An Alternative Way to Extract Organochlorine Pesticides from Water Using Automated Solid Phase Extraction

February 11, 2011

The Application Notebook

The Application Notebook, The Application Notebook-02-11-2011, Volume 0, Issue 0

Pesticide pollution is a subject of global concern, and although many countries have now banned the use of organochlorine pesticides, they linger in the environment and can contaminate water sources.

Michael Ebitson, Horizon Technology, Inc.

Pesticide pollution is a subject of global concern, and although many countries have now banned the use of organochlorine pesticides, they linger in the environment and can contaminate water sources. Pesticides are toxic to animals and humans, so methods which accurately and easily extract and analyze them are essential. Organochlorine pesticide exposure can cause illnesses including disruption of the immune, reproductive, and endocrine systems, along with causing neurobehavioral disorders and cancer.

By using solid phase extraction (SPE), acetone and hexane were used as the extraction solvents for the determination of organochlorine pesticides in aqueous samples. This was accomplished by optimizing an SPE method based on the Horizon Technology SPE-DEX 4790 Automated Extractor system using a 47 mm Atlantic HLB-M extraction disk.

The pesticides analyzed in this study were part of a standard mix consisting of alpha-BHC, gamma-BHC (Lindane), beta-BHC, delta-BHC, heptachlor, aldrin, heptachlor epoxide, gamma-chlordane, alpha chlordane, 4,4'-DDE, endosulfan I, dieldrin, endrin, 4,4'-DDD, endosulfan II, 4,4'-DDT, endrin aldehyde, methoxychlor, endosulfan sulfate, and endrin ketone. Tetrachloro-mxylene (TCMX) and decachlorobiphenyl (DCB) were used as the extraction surrogates.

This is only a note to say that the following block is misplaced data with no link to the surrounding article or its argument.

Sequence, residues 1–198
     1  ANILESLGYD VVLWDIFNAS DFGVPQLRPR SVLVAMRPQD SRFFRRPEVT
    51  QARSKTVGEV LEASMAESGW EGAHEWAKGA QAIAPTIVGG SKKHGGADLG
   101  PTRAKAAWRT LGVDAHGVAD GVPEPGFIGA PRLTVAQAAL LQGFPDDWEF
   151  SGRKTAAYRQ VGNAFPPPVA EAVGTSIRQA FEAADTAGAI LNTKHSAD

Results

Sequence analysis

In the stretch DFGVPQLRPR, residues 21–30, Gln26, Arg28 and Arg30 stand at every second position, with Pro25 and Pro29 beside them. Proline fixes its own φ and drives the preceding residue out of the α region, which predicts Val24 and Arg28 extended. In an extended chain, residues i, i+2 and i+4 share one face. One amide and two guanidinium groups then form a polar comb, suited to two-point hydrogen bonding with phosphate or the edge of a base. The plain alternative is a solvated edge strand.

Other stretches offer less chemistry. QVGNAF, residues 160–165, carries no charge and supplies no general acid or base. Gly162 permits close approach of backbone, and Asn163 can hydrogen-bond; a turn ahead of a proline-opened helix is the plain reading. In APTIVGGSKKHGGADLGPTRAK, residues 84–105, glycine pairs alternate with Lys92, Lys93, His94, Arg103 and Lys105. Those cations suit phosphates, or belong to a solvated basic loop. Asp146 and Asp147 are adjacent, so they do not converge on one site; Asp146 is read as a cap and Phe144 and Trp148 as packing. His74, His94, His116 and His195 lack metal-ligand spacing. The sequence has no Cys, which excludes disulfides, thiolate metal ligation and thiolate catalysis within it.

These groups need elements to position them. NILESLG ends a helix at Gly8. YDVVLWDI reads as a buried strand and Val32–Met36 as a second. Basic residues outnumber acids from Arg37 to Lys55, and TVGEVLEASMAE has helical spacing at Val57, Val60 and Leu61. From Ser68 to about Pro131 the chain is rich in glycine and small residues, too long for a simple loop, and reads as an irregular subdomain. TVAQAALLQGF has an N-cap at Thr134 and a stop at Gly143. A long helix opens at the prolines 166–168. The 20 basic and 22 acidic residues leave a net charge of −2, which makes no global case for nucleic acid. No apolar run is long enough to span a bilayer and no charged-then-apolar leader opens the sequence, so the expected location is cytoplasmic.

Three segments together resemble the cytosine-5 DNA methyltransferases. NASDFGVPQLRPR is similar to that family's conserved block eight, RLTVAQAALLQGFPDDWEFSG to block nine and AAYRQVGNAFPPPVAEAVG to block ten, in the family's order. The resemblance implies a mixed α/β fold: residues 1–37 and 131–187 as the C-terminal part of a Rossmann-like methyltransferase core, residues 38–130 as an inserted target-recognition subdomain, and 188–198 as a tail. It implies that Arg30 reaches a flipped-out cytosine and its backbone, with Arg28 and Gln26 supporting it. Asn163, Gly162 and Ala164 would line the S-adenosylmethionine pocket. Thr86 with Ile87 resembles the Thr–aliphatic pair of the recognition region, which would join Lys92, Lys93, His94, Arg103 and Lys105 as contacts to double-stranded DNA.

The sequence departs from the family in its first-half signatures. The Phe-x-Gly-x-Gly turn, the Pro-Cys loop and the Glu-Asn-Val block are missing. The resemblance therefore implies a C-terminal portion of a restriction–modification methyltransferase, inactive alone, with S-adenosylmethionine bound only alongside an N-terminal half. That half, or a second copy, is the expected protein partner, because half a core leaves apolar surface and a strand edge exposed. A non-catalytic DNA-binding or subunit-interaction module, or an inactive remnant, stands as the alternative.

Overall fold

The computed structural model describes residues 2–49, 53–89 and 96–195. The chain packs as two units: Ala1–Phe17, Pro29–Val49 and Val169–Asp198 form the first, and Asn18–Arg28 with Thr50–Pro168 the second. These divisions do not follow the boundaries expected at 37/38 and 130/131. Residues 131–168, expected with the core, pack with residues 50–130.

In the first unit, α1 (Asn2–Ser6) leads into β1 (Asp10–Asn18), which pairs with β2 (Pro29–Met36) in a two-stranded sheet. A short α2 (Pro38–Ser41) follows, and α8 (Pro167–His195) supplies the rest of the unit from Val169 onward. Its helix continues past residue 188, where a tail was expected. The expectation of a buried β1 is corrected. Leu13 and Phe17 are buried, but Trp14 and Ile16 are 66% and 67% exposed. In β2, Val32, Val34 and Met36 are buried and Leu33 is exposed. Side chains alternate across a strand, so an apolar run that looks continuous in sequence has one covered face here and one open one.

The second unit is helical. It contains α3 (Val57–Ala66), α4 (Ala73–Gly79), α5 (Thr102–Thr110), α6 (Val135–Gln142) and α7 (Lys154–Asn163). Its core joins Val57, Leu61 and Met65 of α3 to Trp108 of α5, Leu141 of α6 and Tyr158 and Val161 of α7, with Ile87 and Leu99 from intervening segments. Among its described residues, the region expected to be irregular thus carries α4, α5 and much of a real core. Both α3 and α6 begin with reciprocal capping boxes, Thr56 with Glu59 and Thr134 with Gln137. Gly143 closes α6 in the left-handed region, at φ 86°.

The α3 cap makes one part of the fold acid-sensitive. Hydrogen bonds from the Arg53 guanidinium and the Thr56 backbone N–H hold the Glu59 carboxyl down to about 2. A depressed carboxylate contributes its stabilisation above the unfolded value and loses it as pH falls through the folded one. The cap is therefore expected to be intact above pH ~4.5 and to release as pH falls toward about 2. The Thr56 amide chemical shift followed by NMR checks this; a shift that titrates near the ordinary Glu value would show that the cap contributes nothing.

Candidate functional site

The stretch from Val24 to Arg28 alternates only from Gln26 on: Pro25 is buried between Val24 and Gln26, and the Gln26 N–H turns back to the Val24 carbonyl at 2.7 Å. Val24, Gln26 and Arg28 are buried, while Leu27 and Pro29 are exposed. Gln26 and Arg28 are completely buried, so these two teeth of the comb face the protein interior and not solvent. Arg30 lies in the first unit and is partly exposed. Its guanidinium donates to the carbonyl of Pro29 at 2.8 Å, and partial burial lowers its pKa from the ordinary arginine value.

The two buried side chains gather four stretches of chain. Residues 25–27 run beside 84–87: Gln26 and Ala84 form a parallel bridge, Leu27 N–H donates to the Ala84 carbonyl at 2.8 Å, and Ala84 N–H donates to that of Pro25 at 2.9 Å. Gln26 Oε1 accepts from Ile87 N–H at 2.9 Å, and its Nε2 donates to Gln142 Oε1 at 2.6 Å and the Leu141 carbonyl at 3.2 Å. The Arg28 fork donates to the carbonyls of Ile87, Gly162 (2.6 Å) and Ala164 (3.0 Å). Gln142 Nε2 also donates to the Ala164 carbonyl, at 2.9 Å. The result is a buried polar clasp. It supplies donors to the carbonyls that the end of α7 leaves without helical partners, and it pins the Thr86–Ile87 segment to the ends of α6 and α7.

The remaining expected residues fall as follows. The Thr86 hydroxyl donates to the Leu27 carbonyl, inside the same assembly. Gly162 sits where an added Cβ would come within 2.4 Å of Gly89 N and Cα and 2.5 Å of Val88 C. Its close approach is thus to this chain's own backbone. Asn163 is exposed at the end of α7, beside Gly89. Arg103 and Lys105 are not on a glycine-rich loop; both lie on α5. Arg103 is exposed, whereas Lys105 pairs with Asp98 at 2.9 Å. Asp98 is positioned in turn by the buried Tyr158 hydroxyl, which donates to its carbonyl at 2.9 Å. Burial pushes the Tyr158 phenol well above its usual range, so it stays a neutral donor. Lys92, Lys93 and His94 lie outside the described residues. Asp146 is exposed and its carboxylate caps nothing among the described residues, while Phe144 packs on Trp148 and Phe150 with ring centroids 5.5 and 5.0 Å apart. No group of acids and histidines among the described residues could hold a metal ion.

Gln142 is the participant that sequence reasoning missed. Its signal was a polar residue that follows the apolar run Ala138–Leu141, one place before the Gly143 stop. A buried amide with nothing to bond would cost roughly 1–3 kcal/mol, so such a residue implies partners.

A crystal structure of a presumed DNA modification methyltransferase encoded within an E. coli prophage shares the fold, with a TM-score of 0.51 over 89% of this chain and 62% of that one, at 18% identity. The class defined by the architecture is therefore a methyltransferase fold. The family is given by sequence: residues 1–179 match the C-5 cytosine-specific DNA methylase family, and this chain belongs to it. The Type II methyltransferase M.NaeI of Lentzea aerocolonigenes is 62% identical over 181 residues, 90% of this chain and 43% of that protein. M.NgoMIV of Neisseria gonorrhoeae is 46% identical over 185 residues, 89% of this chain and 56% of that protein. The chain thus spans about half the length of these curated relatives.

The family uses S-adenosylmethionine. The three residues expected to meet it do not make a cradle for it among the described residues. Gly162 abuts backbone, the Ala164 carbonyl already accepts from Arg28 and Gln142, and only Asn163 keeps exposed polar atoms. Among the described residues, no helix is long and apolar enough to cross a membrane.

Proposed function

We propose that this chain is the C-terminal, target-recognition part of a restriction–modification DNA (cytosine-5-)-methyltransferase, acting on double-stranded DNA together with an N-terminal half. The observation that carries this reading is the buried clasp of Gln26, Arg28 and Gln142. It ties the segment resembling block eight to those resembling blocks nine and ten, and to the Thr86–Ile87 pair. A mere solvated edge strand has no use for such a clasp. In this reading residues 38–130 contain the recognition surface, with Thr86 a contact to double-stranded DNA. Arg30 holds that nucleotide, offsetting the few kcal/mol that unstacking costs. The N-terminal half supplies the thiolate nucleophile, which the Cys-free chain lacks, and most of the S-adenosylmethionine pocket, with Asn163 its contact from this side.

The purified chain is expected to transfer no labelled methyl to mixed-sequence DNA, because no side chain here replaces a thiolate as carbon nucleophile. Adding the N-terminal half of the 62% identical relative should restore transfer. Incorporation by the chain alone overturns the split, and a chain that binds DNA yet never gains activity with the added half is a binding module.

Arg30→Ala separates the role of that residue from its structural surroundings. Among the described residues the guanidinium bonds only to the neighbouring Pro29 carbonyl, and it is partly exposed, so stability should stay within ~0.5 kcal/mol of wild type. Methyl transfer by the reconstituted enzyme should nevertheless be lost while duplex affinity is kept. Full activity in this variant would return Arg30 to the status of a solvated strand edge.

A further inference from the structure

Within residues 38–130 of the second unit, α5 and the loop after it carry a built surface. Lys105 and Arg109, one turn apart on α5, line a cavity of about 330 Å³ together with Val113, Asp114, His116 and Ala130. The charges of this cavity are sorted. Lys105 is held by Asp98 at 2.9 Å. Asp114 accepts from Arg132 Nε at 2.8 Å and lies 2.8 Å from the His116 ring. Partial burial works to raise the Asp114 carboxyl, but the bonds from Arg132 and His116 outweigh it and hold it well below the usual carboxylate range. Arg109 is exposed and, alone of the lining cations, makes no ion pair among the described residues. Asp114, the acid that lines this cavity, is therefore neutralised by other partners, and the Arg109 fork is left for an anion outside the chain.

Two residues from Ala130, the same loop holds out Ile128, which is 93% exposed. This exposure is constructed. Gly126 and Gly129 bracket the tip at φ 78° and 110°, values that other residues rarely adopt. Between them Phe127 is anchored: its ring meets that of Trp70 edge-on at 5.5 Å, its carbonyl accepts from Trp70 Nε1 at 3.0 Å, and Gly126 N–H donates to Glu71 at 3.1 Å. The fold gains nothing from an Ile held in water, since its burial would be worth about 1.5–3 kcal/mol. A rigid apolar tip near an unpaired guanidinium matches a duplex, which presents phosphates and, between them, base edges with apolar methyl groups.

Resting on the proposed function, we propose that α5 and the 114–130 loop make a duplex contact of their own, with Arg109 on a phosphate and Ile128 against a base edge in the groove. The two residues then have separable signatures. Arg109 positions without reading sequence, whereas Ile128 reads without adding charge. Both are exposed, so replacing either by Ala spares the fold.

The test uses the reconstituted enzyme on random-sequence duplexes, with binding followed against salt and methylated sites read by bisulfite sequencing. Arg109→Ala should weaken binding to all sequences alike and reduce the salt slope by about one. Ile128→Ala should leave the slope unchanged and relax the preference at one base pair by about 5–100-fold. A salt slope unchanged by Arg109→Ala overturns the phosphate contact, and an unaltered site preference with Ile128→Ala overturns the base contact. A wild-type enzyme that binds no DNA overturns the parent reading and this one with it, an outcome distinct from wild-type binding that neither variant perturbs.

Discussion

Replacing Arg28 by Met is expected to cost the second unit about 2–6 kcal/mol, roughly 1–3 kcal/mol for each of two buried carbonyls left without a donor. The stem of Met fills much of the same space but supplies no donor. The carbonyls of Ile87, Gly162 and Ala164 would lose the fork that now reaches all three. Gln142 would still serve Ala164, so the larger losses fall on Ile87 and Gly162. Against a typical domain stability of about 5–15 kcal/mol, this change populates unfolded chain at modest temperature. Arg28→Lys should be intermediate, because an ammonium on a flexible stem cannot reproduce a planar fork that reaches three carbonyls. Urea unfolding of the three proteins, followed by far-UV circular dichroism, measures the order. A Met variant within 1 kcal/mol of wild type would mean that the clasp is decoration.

Materials and Methods

Horizon Technology

-SPE-DEX® 4790 Automated Extractor System

-Envision® Platform

-Atlantic™ HLB-M 47 mm disks

-DryVap® Concentrator System

-DryDisk® Separation Membranes

Sample Preparation

1) Adjust a 1 L aqueous sample to a pH of 2 with HCL. Cap the bottle and mix.

2) Spike the sample with pesticide standard and surrogates (varying concentrations were used: 0.5 µg/L–1.25 µg/L).

3) Place the sealed sample bottle on the SPE-DEX 4790 Extractor system and place the Atlantic HLB-M disk in the disk holder.

4) Run the SPE-DEX 4790 using the pesticide method in Table I.

5) After the extraction is completed collect the extract (the final volume will be 25 mL).

6) Clean the extract using florisil.

7) Dry then concentrate the extract to a final volume of 5.0 mL.

8) Analyze by dual GC/ECD.

Table 1

Results

With the sample extracted in acetone and hexane instead of DCM, the solvent exchange step has been eliminated. The results ranged from 81–100% on the primary column and 76–88% on the secondary column. When using automated SPE the extraction process duration was about 30 min per sample. The extractor can process a sample up to 150 mL/min. Drying and concentrating a 25 mL extract of hexane to a final volume of 5 mL took approximately 10 min with the DryVap. Cleanup with florisil took an additional 10 min. With the 10 min sample run times on the GC/ECD, samples were extracted, dried, concentrated, cleaned, and analyzed within 1 h with excellent recoveries.

Conclusions

The sample preparation step is an essential element in this analytical procedure, as such, the advancement of an automated disk extraction enables less solvent use, an elimination of the solvent exchange step, reduced glassware use, emulsion elimination, and faster extraction times with highly particulate or sediment laden samples. This in turn produces consistent and reproducible

results.

Horizon Technology, Inc.

45 Northwestern Drive, Salem, NH 03079

tel. (603) 893-3663 or (800) 997-2997, fax (603) 893-4994

Website: www.horizontechinc.com